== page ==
Medal of Honor Recipient Inducted into PentagonAca,!a,,cs Hall of Heroes
June 3, 2008
WASHINGTON (Army News Service, June 4, 2008) -- Spc. Ross A. McGinnis, the second Soldier to earn the Medal of Honor in Iraq, was inducted into the Hall of Heroes during a Pentagon ceremony Tuesday.
His family, friends and fellow Soldiers were on hand to witness the event. His parents, Tom and Romayne McGinnis, received a plaque and Medal of Honor flag to honor their son's sacrifice.
McGinnis was a 19-year-old, M-2 50-caliber machine gunner with 1st Platoon, C Company, 1st Battalion, 26th Infantry Regiment, supporting operations in Adamiyah, an area of northeast Baghdad, when he saved the lives of four fellow Soldiers.
On Dec. 4, 2006, his platoon was conducting combat patrol operations in an effort to reduce and control sectarian violence in the area. While manning the machine gun in the final up-armored Humvee of the six-vehicle patrol, an insurgent positioned on a nearby rooftop threw a fragmentation grenade into the Humvee.
McGinnis yelled, "Grenade," and prepared to exit the vehicle as he was trained. When his platoon sergeant asked, "Where'" McGinnis realized that none of the four other Soldiers in the vehicle were aware of the grenade's location. He knew the other Soldiers were combat locked inside the vehicle and would not have time to exit safely, so McGinnis laid his back on the grenade, which had landed on the radio mount in the center of the vehicle.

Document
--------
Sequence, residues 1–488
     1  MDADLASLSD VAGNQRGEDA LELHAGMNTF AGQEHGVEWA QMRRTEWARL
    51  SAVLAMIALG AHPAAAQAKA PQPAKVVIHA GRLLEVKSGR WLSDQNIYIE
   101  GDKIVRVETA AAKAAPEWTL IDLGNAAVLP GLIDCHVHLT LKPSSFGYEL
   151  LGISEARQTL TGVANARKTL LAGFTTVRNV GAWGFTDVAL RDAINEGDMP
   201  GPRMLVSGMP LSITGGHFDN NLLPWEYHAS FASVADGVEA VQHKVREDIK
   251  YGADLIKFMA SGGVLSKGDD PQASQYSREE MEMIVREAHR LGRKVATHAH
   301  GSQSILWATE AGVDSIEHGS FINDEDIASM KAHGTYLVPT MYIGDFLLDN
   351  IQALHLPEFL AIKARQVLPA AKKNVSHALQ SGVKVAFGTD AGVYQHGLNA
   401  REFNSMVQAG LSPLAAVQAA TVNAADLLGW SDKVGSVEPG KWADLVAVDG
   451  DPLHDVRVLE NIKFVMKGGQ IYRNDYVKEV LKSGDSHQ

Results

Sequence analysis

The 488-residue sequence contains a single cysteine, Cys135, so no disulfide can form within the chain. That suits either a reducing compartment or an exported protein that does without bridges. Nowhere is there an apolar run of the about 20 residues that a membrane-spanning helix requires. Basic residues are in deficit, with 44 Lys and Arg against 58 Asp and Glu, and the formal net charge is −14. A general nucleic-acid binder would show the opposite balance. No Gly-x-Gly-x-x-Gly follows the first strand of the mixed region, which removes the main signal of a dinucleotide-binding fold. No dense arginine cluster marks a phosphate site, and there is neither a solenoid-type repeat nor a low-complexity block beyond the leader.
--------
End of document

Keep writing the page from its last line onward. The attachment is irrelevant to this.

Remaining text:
"Knowing full well the grenade would kill him, Ross gave his life so his brothers could live. There's no greater act of personal courage, loyalty or selfless service," said Gen. Richard Cody, vice chief of staff of the Army. "As a result of his quick reflexes and heroic measures, Sgt. 1st Class Cedric Thomas, Staff Sgt. Ian Newland, Sgt. Lyle Buehler and Spc. Sean Lawson survived certain death inside that vehicle."
Although he was known as a the platoon funny man to his buddies and, "crazy little brother," to his two older sisters, McGinnis was also a serious Soldier, who his friends said could always be counted on.
"In a transcendent instant, Ross performed an extraordinary act.," said Secretary of the Army Pete Geren. "The crazy little brother who loved to make people laugh made a selfless decision. He decided that the lives of his friends were more important than his own."
"Words cannot express the debt all of us owe, not just those four, but all of us in this land of the free. And our debt to Ross, and to the memory of Ross and to his family, is for all of us to live lives worthy of his sacrifice," Geren added.
McGinnis's father Tom looked into the audience at the four men his son saved as he said, "It was said that Ross gave these four men a gift, and that's what it was. They can't be expected to live the rest of their lives living up to something, or paying back something.
"It can't be carried as a debt. A debt is something you can repay. A gift is something for you to enjoy. So live your lives, enjoy your lives, because it was a gift. Ross is the reason that we're here, and the reason that Ross is not here is because his Army buddies were more important than life itself," he added.
After thanking McGinnis's family for their sacrifice, Gordon England, deputy secretary of Defense, added, "While this is a bittersweet occasion, we can all find comfort and recognize the astonishing gift given to us by Ross. Ross McGinnis' name, his actions, are now forever immortalized in the nation's consciousness. He is part of our national fabric, a reflection of American values."